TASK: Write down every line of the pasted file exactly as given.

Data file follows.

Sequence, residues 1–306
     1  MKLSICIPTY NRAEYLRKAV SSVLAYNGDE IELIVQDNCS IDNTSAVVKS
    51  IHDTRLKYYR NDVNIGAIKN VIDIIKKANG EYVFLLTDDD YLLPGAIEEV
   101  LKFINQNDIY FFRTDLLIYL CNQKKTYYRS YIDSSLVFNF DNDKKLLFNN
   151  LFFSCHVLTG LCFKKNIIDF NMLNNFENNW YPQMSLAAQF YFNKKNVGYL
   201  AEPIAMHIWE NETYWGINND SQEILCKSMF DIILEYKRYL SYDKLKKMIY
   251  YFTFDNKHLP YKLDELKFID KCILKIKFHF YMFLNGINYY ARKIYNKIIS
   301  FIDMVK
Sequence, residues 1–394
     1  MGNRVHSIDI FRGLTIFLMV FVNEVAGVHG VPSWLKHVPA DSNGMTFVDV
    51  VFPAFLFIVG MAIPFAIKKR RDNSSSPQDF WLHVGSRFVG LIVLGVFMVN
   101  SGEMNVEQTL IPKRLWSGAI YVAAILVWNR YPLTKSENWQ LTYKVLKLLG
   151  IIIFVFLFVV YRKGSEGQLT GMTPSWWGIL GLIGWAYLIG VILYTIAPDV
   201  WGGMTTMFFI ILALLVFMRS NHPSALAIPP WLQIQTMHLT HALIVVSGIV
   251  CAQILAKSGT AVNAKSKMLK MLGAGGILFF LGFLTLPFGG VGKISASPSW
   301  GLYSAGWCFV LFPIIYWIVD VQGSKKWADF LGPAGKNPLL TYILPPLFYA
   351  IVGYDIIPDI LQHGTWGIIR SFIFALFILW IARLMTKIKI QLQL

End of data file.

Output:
Sequence, residues 1–306
     1  MKLSICIPTY NRAEYLRKAV SSVLAYNGDE IELIVQDNCS IDNTSAVVKS
    51  IHDTRLKYYR NDVNIGAIKN VIDIIKKANG EYVFLLTDDD YLLPGAIEEV
   101  LKFINQNDIY FFRTDLLIYL CNQKKTYYRS YIDSSLVFNF DNDKKLLFNN
   151  LFFSCHVLTG LCFKKNIIDF NMLNNFENNW YPQMSLAAQF YFNKKNVGYL
   201  AEPIAMHIWE NETYWGINND SQEILCKSMF DIILEYKRYL SYDKLKKMIY
   251  YFTFDNKHLP YKLDELKFID KCILKIKFHF YMFLNGINYY ARKIYNKIIS
   301  FIDMVK
Sequence, residues 1–394
     1  MGNRVHSIDI FRGLTIFLMV FVNEVAGVHG VPSWLKHVPA DSNGMTFVDV
    51  VFPAFLFIVG MAIPFAIKKR RDNSSSPQDF WLHVGSRFVG LIVLGVFMVN
   101  SGEMNVEQTL IPKRLWSGAI YVAAILVWNR YPLTKSENWQ LTYKVLKLLG
   151  IIIFVFLFVV YRKGSEGQLT GMTPSWWGIL GLIGWAYLIG VILYTIAPDV
   201  WGGMTTMFFI ILALLVFMRS NHPSALAIPP WLQIQTMHLT HALIVVSGIV
   251  CAQILAKSGT AVNAKSKMLK MLGAGGILFF LGFLTLPFGG VGKISASPSW
   301  GLYSAGWCFV LFPIIYWIVD VQGSKKWADF LGPAGKNPLL TYILPPLFYA
   351  IVGYDIIPDI LQHGTWGIIR SFIFALFILW IARLMTKIKI QLQL